Writing is so hard!

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I’ve been painting lately. And I love it. For me, it is not as hard as writing. But I like writing. And I want to write. But it seems like such an endless process. With a painting I’m done at some point. With a story, I can go back and revise and revise. I like to write blogs, because they are done when they are done. But right now, I’m writing on a novel and that is HARD!

I believe there is more thinking involved with writing or perhaps, your critic sits closer to your ear; for me, I always hear the critic. I do think about what to paint before I get started, but to lean in and let form, shape, color, take over is cool! How do I lean in to my writing? I would like to know.

To paint is solitary. To write is solitary. But I have found that I need writing partners more than I need painting partners. I know many artists and we get together socially and we meet at Art Fairs, at exhibits, at art fundraisers and so on, but I don’t meet socially with writers – with them I meet professionally. To help each other out. To critique each other. To read each other’s work.

As a writer you DO NEED a reader. Unmistakably. But as a painter you can manage without the viewer until you’re done. You follow what you like and paint it. Then it is up to the viewer whether (s)he likes it. In writing you are faced with more rules: word choice, grammar, syntax, show instead of tell, and so on…it is difficult but very worth while.

By the way, my painting above is called “Let it Rain” and the paint brushes are raining down through the mouth of ? a being ! symbolizing just to let art flow through you. The silhouette on the right is the director, the critic, the one that thinks she knows…and the figure to the left is the human swallowed by faith, by belief, that there is only one way…


  1. Thank you so much, Mike! I appreciate that you led me to RemodernReview. Perfect for me. And very kind of you!

  2. Thanks to you both! I like how you say “symbolizing just to let art flow through you.” I always say at my best I am a conduit-the best I can do is get out of the way of the energy is using me as a vessel for communication.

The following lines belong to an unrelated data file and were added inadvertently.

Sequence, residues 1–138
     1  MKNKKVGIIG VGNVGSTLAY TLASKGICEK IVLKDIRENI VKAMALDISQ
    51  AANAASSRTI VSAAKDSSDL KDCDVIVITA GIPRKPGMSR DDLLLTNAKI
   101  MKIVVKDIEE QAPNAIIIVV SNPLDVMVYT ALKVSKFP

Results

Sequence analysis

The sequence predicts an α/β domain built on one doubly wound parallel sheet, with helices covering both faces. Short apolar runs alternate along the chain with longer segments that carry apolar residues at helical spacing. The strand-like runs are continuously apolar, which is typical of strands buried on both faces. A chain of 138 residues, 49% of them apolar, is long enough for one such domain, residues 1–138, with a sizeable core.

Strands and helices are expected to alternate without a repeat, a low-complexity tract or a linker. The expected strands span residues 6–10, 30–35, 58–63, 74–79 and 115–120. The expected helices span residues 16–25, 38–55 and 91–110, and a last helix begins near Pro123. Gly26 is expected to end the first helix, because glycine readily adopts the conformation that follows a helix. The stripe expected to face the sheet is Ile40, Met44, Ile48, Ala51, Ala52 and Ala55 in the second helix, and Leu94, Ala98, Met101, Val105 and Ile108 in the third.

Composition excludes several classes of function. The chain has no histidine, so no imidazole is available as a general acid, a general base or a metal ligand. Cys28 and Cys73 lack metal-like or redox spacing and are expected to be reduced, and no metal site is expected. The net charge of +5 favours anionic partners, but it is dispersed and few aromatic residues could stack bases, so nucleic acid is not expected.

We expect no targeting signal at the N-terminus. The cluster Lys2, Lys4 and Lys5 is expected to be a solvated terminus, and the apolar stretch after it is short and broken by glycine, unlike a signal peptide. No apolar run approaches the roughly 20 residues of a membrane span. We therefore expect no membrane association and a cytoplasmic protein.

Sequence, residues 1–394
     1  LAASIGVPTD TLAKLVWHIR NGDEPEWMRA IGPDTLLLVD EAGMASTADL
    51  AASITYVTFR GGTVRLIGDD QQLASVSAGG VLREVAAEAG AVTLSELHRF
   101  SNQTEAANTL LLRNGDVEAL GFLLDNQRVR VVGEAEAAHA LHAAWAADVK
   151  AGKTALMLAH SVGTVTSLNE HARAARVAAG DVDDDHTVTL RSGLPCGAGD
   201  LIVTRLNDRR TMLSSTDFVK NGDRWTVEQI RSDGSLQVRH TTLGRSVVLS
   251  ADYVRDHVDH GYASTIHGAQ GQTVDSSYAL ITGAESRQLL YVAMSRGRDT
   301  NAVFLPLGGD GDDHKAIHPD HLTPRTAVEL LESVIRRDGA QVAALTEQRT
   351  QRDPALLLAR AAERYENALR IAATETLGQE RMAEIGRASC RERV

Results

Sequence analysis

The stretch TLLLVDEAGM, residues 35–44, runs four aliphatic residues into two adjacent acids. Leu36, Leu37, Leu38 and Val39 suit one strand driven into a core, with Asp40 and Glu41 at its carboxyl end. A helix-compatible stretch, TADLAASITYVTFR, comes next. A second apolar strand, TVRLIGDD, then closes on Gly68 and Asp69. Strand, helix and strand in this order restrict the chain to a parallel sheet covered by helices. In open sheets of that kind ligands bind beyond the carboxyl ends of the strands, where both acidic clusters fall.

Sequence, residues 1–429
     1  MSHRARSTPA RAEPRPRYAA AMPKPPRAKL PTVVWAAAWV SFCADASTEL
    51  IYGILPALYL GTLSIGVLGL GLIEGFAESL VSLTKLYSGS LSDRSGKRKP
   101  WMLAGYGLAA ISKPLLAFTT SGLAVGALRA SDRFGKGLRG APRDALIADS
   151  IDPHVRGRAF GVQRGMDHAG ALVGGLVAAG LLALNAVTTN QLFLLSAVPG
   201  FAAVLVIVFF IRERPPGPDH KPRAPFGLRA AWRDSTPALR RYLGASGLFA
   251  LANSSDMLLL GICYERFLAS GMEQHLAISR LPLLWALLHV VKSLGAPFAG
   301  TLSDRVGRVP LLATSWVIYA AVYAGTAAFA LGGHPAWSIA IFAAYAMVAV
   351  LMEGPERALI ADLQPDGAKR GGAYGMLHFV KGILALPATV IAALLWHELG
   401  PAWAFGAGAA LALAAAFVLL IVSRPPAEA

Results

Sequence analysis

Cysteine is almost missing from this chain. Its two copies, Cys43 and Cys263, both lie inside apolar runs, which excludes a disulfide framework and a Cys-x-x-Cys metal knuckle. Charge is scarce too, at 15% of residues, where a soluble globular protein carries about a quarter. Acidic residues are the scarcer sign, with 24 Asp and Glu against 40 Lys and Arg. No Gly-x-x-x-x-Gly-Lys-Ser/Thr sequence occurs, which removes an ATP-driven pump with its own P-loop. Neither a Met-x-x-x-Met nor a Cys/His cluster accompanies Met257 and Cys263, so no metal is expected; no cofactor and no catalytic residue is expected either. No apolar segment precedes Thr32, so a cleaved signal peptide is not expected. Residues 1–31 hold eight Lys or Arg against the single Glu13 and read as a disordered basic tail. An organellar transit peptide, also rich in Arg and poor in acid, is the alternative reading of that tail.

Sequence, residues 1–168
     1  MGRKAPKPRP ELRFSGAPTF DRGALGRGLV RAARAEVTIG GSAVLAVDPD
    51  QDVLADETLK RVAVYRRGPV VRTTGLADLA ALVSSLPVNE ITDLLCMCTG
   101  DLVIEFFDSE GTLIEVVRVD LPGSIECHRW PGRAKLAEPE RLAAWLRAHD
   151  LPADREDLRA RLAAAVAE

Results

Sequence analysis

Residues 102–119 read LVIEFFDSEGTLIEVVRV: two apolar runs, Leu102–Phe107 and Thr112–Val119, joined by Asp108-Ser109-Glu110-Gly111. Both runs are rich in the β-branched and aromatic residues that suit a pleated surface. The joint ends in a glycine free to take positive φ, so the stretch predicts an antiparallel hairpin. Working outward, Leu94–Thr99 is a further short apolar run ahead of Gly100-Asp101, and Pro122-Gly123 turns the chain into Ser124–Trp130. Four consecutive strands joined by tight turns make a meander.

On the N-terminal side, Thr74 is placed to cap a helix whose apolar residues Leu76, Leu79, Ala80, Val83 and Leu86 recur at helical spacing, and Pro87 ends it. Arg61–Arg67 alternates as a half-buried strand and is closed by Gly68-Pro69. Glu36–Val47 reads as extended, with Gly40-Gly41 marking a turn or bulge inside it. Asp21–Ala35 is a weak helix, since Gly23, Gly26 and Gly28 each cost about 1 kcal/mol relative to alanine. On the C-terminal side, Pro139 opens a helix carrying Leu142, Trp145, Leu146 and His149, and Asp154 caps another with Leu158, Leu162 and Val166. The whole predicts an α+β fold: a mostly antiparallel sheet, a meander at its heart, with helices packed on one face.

And writing IS much harder than painting 🙂

  3. I love your art work, Elizabeth, although I don’t have aspirations to paint myself. As for writing… You are right when you say it’s a solitary business (as is art) and that we need readers. Oddly enough, I don’t let anyone read my books until I’ve finished, so I suppose I’m different to many other writers in that respect. The first person to have read either of my books so far was the professional editor I use. Somehow I can’t bear anyone else to become involved until that’s done. Thank you for the interesting post 🙂

  4. You are so right, writing is HARD work. I forget that in the first full flush of writing, when, as another commentator above put it, I’m a conduit giving birth to something apart from me. I love that feeling of the words, ideas, characters flowing through me. But then when it comes to shaping what has been given me into a novel, consciously bringing that closer and closer to the spirit that moved through me in a way that others will relate to and “get,”–that’s hard, and sometimes frustrating and overwhelming. I’m at that stage now in my novel with all the editing and revisions.

    Lately I’ve been drawn to painting too, something I’ve never done before, just to get away from “words.” To create without words seems so clean and simple. But I’m finding that capturing in paint what inspires me is equally difficult, but not so frustrating, because no one has to “like” it but me. I’m not trying to be an artist in the way I’m trying to be a writer who publishes.

    • Deborah, I appreciate your comment and yes, you are so right on in what you are saying! Actually, I have been quite ahead of myself and thinking too much about the editing and revision as I write along and not letting the characters flow through me. I need to get back to the intuitive writing. Therefore, I paint instead, to loosen up!

  5. People often think that writing is a very solitary profession. But the truth is, we may write on our own but we cannot exist without others. That makes us (or should make us) sociable beings.
    Either way, you are right. And coming to think of it, you’ve probably stumbled upon a good way to take a break from long, novel writing. Doing something that requires a shorter time to be completed is a great idea to balance your time!

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